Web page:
This almost goes without saying at this stage, doesn’t it? For all our best laid plans in week one, lockdown has seen almost daily changes for businesses and public alike. There’s only one solution, and it’s maintaining flexibility and responding nimbly. Oh, and staying positive. Those retail businesses that didn’t have an online presence and pivoted within the space of 4 weeks to open eCommerce stores have not only retained valuable connections to their customers, but have also seen what true agility is and what can be achieved when you all have a common goal.
While many businesses have got some financial and physical security in place for the coming weeks, an expected downturn will test us even further. To fight that, it’s imperative that we maintain the readiness we’ve displayed in the past few months and apply it as things develop over the course of the next few months. Many independent businesses were already preparing for a decidedly different 2020, to say the least, but all is not lost. We all will need to get more out of the money we spend. Equally, we are already working to ensure our clients are spending in the right places, so maximum stability and returns are ensured.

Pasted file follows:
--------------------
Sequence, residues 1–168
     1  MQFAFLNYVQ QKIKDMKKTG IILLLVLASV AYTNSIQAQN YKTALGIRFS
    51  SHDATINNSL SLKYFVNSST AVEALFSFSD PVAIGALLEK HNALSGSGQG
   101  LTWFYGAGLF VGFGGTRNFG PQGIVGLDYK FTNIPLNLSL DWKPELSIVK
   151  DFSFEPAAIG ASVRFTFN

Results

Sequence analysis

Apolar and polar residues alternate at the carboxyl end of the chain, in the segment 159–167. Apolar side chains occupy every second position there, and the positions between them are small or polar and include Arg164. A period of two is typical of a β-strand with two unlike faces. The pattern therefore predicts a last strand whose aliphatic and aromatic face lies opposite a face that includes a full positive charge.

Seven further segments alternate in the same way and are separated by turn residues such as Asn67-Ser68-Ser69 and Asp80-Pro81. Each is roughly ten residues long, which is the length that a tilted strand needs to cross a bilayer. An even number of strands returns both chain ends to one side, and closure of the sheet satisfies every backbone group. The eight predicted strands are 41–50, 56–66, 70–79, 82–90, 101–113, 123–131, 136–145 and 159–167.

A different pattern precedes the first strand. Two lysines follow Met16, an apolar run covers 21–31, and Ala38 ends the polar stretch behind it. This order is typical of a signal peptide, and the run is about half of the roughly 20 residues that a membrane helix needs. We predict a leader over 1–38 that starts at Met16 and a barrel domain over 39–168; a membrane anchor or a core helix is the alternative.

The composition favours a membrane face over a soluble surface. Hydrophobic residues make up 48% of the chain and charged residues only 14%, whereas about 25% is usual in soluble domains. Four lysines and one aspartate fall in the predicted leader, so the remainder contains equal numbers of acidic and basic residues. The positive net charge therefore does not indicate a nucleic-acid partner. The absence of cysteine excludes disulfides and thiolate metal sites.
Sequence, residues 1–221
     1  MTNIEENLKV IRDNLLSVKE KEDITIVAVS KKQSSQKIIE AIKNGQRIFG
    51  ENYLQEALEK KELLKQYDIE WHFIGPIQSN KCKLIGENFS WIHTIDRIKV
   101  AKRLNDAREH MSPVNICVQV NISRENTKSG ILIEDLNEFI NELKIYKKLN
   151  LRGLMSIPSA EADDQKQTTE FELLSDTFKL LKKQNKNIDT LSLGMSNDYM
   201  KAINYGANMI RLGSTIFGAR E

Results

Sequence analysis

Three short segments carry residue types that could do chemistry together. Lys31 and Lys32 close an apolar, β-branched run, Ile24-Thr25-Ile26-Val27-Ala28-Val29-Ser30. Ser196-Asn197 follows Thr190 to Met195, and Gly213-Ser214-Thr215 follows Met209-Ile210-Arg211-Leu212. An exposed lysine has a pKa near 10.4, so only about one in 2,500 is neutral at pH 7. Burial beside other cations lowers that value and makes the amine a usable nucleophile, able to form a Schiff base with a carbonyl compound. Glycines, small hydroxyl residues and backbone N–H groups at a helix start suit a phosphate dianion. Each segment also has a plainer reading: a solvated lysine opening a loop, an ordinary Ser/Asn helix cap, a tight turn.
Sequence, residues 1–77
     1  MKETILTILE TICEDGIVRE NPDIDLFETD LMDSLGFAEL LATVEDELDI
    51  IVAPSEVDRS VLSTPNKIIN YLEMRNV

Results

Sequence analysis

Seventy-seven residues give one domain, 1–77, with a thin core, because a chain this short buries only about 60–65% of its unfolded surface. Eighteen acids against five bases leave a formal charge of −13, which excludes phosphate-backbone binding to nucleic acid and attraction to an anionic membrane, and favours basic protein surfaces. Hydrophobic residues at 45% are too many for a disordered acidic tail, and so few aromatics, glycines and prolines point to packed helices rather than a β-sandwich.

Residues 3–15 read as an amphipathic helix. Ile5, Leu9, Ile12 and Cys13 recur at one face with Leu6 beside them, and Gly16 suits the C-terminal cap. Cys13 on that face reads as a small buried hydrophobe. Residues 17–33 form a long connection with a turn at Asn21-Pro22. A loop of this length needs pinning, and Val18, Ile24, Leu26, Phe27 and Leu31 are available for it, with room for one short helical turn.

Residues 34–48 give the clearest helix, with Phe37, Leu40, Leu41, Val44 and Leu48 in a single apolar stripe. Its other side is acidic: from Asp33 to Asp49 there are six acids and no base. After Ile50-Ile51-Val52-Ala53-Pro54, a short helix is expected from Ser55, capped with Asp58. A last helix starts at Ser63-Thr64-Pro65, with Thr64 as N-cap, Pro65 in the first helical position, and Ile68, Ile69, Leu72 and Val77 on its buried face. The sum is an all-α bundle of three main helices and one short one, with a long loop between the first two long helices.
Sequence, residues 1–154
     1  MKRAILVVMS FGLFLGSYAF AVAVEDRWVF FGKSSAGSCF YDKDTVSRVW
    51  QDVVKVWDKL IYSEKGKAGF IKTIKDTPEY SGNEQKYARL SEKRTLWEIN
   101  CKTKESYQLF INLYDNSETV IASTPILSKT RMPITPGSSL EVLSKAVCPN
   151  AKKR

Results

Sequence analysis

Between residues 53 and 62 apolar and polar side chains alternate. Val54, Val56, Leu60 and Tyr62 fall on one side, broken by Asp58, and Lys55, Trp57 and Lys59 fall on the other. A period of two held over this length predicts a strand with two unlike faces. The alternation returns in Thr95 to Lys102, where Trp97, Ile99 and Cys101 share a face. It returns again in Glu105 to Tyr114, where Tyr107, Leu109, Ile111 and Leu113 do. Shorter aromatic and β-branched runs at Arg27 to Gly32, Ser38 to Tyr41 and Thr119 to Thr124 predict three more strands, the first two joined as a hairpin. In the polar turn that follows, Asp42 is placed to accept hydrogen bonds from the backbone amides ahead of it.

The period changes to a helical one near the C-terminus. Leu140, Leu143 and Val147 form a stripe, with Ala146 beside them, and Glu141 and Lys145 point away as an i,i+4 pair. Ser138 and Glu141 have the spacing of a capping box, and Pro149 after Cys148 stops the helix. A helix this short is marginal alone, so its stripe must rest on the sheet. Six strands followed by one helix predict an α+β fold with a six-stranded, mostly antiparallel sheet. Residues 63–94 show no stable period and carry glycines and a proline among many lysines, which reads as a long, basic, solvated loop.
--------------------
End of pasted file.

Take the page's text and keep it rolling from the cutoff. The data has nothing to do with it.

This is a time to try to make the best of a bad situation. For businesses that means reflecting on what a change in circumstances has taught us. For example, are you and your staff spending needless overheads on office spaces and commutes? For many businesses, working from home may be proving more beneficial than thought.
Perhaps this instance has identified areas of weakness for some staff members - be they technological, strategic or otherwise. Preparing an approach to retraining is key here. Training doesn’t just mean learning the ropes of business tools, however. It can and should extend to holistic skills like crisis management, maintaining focus and learning to communicate.
Most of all, this is an opportunity to steel your business and your most important assets – the people who make that business work – against future uncertainties. Consider how you would have prepared for this situation in the hypothetical and make the needs of your staff central to that preparation.
While I know that we haven’t got it all right, and of course we could have done somethings better, what this has taught me is that communication at every stage of the journey cannot be under-valued. Neither can the personal needs of your teams, be it those still working or those on furlough. Everyone has and still is affected by this pandemic, some moreso than others. How we all behave and come through this is equally as important as to how we are behaving today. Maybe the boy scouts were onto something when they said “Be prepared”.
If you need any help, we are here, just get in touch and let us help you find your strengths.
Jayne Riley, Joint CEO of seventy7